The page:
For a project I need to switch on a simple handheld vacuum cleaner with an Arduino. I am thinking of using a relay or mosfet. I opened the case and a 7.4 V 2200 mAh Li-Ion battery powers the motor, through a regular switch.

On the manufacturer's website, the power of this vacuum cleaner is 120 W, so according to my understanding:

I = P/V

I = 120 W / 7.4 V = 16.2 A

So according Ohm's law, the resistance of the motor has to be 0.46 Ohm right? Isn't this too low?


  • \$\begingroup\$ Isn't this too low? Too low for what? \$\endgroup\$
    – Andy aka
    Commented Apr 30, 2019 at 12:12
  • \$\begingroup\$ We need to take into consideration the inductance of the motor also. \$\endgroup\$
    – 19aksh
    Commented Apr 30, 2019 at 12:13
  • \$\begingroup\$ A brushed DC motor will have a much lower resistance at rest than you would expect from the current it draws when running. This is due to the back-EMF. That's why they draw a big surge when you first apply power. \$\endgroup\$ Commented Apr 30, 2019 at 12:17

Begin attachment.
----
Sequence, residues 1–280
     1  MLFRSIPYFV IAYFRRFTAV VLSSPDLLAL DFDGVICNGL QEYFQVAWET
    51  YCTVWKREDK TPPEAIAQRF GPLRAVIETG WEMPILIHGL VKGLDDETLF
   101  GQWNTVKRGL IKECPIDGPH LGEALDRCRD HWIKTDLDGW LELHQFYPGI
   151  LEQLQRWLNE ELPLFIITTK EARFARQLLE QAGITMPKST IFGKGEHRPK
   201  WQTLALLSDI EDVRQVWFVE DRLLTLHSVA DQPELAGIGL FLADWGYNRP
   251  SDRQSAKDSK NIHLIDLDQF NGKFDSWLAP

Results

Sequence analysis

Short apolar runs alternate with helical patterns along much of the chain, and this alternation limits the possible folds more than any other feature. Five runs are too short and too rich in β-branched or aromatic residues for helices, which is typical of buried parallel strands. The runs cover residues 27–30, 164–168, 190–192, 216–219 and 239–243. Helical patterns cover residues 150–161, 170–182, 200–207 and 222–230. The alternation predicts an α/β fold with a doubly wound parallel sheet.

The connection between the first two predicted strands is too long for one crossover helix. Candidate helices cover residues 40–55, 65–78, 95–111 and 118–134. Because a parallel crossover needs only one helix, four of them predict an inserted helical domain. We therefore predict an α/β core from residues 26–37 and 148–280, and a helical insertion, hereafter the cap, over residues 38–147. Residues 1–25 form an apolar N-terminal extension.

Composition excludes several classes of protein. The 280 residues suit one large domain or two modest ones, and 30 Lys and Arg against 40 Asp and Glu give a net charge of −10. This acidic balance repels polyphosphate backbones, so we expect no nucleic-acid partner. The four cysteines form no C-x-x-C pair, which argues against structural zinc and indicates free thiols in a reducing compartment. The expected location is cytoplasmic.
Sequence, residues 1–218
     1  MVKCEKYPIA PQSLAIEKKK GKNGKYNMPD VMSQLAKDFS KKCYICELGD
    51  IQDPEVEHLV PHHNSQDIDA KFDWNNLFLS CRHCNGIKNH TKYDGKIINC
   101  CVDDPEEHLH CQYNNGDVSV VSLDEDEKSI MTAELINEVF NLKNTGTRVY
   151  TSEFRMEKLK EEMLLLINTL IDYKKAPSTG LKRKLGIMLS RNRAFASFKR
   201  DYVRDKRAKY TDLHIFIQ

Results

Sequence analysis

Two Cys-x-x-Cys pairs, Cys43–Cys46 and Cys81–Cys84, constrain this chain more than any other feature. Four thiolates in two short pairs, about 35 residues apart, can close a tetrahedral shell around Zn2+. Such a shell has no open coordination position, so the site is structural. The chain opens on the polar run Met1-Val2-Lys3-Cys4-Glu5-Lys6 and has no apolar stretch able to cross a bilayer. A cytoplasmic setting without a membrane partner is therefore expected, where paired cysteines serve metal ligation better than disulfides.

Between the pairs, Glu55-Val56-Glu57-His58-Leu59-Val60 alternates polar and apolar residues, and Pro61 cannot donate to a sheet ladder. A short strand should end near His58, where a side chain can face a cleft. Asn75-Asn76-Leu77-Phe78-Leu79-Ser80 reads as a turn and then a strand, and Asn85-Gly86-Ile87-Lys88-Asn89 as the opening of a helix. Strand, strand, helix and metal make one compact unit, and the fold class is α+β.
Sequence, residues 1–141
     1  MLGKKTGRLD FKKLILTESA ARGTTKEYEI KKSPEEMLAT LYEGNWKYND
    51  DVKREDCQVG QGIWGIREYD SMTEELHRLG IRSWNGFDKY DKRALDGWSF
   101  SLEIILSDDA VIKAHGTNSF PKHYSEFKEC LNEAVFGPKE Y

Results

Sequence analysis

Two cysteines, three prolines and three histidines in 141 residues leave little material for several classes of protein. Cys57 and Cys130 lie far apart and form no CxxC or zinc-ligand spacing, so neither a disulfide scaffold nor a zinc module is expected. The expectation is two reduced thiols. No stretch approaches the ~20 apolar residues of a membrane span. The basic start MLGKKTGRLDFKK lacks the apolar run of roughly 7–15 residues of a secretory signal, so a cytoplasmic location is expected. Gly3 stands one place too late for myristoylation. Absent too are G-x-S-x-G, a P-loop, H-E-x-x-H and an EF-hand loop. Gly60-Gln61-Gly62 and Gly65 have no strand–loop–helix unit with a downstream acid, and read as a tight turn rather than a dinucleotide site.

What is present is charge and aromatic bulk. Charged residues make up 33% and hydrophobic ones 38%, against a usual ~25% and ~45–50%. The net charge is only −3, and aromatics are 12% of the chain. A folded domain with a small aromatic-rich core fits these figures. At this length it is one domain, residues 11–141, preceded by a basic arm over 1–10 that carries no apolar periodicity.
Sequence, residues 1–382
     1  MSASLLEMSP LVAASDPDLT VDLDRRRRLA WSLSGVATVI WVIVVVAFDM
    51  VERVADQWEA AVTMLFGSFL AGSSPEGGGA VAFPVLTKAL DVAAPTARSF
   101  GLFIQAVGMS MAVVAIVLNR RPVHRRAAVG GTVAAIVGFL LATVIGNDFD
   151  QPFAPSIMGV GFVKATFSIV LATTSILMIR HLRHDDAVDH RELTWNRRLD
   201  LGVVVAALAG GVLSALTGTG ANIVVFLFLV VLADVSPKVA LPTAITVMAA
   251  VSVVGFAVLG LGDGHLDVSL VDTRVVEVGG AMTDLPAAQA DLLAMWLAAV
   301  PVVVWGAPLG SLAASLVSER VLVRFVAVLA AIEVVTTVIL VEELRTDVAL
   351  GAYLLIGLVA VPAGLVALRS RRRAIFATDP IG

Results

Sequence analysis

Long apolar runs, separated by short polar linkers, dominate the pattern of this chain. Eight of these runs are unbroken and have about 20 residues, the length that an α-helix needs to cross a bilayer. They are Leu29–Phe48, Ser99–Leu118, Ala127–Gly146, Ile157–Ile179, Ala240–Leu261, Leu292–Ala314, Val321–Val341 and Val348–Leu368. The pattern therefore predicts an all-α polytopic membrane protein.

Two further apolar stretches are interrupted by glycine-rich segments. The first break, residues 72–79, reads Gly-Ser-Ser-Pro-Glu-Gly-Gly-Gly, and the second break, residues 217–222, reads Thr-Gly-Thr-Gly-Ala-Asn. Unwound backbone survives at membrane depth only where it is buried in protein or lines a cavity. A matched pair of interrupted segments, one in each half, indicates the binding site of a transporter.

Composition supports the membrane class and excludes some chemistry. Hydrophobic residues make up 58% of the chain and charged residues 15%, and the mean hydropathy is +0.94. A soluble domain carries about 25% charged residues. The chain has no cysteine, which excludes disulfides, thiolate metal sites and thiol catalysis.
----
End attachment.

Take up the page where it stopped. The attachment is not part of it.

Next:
• \$\begingroup\$ @SpehroPefhany What do you mean by "drawing"? Does the motor lower it's resistance under load, so that a higher current can flow? \$\endgroup\$
    – Verman
    Commented Apr 30, 2019 at 12:22
  • \$\begingroup\$ @Verjan Yes, higher load (higher torque) requires more current (power), so the apparent resistance of a motor (due to back-EMF) changes with varying load. \$\endgroup\$
    – JimmyB
    Commented Apr 30, 2019 at 12:26

1 Answer 1


The calculations you did are right. But, the value is the peak power. Your motor will draw power according to the motor controller setting and load. Keep in mind when the motor is not moving, its resistance is equal to the wire resistance which can be less than 0.1 ohms; essentially a short circuit. That is the reason for the initial "spike". When it starts rotating the back emf comes into play and changes the effective resistance which decreases the power draw.


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